##  0.49970079 -0.30600076 -0.42009051 -0.01485346 -2.39829923 -2.35296242 
##         t79         t80         t11         t11          t2         t40 
## -3.34863939 -2.05243484 -2.92288436 -1.94628844  0.24047944 -0.14631321 
##         t40         t50         t50         t63         t63         t64 
## -0.91321826 -0.90234613 -0.97583920 -1.07853744 -2.14910943 -2.65840596 
##         t64         t64         t27         t27         t28         t30 
## -2.68872053 -2.26340103  1.28033842  0.48223057 -1.02480630 -0.77859482 
##         t30         t31         t31         t59         t59         t59 
## -0.95493748  1.38078518  0.66078132  1.88896094  2.39002261  1.79299996 
##         t60         t60         t65         t65         t66         t75 
## -0.39027273 -0.95939279 -0.19917796  0.01410087 -1.73348047  0.94586597 
##         t75         t76         t20         t20         t21         t21 
##  1.37552716  1.91131653 -2.43740326 -1.31988357  0.84776277  1.25367141 
##         t37         t37         t37         t38         t38         t38 
## -1.87392354 -1.11631045 -2.07462260 -1.47891466 -2.13206798 -2.41424014 
##          t6          t4          t4          t4          t5          t5 
## -3.00514922 -2.51146433 -2.11978749 -1.82213684 -1.24949167 -1.38174359 
##          t5         t73         t73         t73         t74         t74 
## -1.37899029 -0.45279841  0.01804964  0.03556811 -0.94337893 -0.33991667 
##         t45         t45         t45          t3          t3         t33 
## -0.97676032 -1.49846820 -0.96005447  0.37642114  0.74953120 -3.22641999 
##         t67         t67         t67         t68         t68         t34 
## -1.29478388 -1.72266003 -1.26569638 -4.13732591 -3.48843187 -2.07107262 
##         t34         t34         t32         t32         t32         t43 
## -0.96212798 -3.22461039 -2.79090429 -2.88259079 -2.52733125 -1.48711649 
##         t44 
## -0.54971583

Now let's go ahead & run our MCMC. I'm going to run the λ model.

obj<-fitBayes(tree,x,ngen=1000000,model="lambda")
## Control parameters (set by user or default):
## List of 9
##  $ sig2   : num 12.7
##  $ lambda : num 1
##  $ a      : num -0.99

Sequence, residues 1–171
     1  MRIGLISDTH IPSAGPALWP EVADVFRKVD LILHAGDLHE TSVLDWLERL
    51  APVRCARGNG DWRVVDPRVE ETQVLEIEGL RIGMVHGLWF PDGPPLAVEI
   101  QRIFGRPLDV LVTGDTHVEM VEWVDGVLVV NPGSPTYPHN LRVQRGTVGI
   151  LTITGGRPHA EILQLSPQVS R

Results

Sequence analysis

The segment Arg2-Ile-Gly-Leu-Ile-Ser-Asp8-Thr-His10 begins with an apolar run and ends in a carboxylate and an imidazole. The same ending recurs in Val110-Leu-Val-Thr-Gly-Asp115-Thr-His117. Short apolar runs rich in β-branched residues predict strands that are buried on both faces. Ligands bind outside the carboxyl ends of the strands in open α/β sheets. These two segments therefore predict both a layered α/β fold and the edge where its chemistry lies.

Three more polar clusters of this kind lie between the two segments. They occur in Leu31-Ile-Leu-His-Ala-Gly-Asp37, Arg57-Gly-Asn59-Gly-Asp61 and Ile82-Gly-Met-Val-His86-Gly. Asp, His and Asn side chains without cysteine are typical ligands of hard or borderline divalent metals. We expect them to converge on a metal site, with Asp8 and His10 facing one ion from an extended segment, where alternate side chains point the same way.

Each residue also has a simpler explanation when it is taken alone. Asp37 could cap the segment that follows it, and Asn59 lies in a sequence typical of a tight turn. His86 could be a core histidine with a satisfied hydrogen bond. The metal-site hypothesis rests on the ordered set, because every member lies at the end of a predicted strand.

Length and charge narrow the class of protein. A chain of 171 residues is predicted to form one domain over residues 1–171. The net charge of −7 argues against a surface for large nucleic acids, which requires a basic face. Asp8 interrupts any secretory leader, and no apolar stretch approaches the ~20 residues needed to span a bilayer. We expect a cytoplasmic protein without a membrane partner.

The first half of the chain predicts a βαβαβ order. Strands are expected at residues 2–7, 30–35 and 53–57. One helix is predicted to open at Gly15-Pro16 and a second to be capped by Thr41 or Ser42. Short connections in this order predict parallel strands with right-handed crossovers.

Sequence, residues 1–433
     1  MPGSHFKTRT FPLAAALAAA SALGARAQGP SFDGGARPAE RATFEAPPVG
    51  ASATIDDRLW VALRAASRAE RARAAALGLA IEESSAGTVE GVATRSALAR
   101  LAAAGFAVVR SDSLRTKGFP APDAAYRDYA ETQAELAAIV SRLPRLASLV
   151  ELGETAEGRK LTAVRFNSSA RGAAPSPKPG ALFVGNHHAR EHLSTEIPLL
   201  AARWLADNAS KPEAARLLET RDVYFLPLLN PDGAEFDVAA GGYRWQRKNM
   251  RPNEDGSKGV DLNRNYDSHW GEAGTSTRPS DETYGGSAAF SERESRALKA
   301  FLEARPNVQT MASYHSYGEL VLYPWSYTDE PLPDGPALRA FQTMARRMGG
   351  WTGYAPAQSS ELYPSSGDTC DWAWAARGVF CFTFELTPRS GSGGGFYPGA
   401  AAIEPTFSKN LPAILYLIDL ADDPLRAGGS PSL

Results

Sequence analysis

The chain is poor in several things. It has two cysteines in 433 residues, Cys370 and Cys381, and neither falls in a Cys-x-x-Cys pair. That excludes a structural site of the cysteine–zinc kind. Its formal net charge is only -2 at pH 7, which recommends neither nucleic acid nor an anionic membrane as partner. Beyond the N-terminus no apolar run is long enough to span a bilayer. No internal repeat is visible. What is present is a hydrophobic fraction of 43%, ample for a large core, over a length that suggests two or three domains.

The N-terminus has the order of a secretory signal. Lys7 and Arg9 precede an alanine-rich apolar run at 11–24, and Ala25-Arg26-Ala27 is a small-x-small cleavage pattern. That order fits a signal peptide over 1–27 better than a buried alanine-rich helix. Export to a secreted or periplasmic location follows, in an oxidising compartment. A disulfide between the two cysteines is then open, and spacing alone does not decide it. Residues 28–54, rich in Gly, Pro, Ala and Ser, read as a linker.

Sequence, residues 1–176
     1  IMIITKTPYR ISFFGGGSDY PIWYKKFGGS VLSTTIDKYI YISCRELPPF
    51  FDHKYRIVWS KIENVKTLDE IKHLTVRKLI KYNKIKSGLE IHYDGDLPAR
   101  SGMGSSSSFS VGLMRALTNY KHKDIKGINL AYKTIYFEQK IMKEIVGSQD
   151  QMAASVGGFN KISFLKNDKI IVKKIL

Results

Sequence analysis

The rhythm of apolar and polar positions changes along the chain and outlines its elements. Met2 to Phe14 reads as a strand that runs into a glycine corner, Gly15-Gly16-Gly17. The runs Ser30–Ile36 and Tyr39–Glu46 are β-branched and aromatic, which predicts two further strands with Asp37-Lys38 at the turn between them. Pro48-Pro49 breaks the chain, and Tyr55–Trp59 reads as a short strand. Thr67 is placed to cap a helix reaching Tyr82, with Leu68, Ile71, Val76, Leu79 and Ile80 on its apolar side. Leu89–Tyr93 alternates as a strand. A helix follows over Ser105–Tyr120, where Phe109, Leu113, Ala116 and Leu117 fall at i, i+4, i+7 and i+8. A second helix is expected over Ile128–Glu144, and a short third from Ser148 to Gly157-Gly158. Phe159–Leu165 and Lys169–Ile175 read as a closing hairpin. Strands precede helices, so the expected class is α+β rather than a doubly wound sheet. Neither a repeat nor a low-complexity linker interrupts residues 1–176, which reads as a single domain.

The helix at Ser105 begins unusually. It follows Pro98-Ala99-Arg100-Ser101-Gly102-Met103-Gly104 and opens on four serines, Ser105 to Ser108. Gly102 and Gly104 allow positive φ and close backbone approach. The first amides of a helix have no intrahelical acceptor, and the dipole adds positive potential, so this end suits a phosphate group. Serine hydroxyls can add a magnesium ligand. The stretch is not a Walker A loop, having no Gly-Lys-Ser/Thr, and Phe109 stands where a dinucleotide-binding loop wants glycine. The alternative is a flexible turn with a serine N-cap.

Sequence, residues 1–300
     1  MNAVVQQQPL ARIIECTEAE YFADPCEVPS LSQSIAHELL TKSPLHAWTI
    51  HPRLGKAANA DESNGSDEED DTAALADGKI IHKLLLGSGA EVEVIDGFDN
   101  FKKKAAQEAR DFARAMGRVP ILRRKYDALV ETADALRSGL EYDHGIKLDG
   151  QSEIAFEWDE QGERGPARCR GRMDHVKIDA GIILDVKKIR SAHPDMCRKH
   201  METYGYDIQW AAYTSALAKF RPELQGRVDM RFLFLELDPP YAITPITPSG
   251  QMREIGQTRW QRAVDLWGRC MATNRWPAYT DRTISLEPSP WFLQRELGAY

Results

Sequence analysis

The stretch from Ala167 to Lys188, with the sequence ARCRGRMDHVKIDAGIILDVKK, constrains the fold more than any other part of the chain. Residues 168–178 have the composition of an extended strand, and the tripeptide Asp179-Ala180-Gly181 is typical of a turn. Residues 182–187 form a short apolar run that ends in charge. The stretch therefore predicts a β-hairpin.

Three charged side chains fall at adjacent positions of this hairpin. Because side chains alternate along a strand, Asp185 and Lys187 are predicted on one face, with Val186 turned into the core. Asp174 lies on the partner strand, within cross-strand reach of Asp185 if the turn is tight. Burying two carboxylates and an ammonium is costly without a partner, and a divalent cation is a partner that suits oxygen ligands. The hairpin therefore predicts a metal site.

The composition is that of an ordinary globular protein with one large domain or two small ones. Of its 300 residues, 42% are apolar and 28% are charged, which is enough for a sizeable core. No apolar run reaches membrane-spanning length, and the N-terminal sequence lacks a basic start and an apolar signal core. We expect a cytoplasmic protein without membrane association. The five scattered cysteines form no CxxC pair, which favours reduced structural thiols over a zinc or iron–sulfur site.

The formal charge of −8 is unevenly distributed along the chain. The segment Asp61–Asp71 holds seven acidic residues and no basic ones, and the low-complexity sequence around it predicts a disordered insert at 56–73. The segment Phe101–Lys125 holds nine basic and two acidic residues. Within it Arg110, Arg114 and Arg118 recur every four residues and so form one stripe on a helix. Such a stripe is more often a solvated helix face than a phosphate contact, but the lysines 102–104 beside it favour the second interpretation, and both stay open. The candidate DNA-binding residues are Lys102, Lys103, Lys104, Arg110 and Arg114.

##  $ xbar   : Named num [1:80] -1.539 -0.382 -1.217 0.427 -2.148 ...
##   ..- attr(*, "names")= chr [1:80] "t53" "t54" "t46" "t47" ...
##  $ intV   : num 0.252
##  $ pr.mean: num [1:84] 1000 0.502 0 0 0 ...
##  $ pr.var : num [1:84] 1e+06 1e+00 1e+03 1e+03 1e+03 ...
##  $ prop   : num [1:84] 0.127 0.02 0.127 0.127 0.127 ...
##  $ sample : num 100
## Starting MCMC...
## Done MCMC.

Note that the control parameters of the MCMC can be set by the user, but absent that the function will try to identify sensible values from the data.

Let's look at our object:

obj
## 
## Object of class "fitBayes" which consists of a posterior sample
## (in component 'mcmc') from a Bayesian MCMC of the model presented
## in Revell & Reynolds (2012; Evolution).
## 
## Object summary:
##  generations of MCMC: 1e+06.
##  sample interval: 100.
##  mean sigma^2 from posterior sample: 2.047457.
##  mean lambda from posterior sample: 0.43923.
## 
## Calculations based on burn-in of 2e+05 generations.
plot(obj,what="sig2")

plot of chunk unnamed-chunk-3

plot(obj,what="lambda")

plot of chunk unnamed-chunk-3

Neat. In our case the generating parameter values were σ2 = 2.0 and λ = 0.5. (Our posterior distribution of λ is quite broad.)

In fact, the data & tree were simulated as follows:

library(phytools)
tree<-pbtree(n=80,scale=1)
xbar<-fastBM(phytools:::lambdaTree(tree,0.5),
    sig2=2.0) # true species means
x<-vector()
for(i in 1:Ntip(tree)){
   n<-floor(runif(n=1,min=1,max=4))
   y<-rnorm(n=n,mean=xbar[i],sd=sqrt(0.2))
   names(y)<-rep(names(xbar)[i],length(y))
   x<-c(x,y)
}

That's it.